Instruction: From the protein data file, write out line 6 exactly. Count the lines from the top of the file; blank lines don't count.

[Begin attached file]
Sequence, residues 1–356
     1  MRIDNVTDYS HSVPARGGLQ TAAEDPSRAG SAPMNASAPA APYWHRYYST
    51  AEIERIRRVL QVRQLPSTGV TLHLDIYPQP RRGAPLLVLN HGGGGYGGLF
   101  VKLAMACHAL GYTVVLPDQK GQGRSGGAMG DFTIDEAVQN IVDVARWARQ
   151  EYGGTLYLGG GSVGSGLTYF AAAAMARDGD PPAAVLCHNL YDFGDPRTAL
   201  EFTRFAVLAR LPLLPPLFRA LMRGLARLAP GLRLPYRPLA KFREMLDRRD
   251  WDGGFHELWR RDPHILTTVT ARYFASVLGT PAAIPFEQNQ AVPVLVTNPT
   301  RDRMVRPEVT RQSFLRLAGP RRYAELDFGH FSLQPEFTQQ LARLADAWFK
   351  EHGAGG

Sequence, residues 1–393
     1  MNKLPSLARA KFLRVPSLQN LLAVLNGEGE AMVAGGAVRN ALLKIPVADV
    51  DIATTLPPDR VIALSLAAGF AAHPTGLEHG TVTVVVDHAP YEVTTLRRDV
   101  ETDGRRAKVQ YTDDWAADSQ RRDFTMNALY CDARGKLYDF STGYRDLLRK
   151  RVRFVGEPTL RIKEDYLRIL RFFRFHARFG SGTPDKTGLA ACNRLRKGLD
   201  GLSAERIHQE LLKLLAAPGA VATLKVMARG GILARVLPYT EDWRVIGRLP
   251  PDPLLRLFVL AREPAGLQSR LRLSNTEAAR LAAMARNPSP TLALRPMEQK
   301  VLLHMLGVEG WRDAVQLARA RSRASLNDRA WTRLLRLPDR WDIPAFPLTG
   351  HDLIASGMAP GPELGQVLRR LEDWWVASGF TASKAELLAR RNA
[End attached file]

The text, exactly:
   201  EFTRFAVLAR LPLLPPLFRA LMRGLARLAP GLRLPYRPLA KFREMLDRRD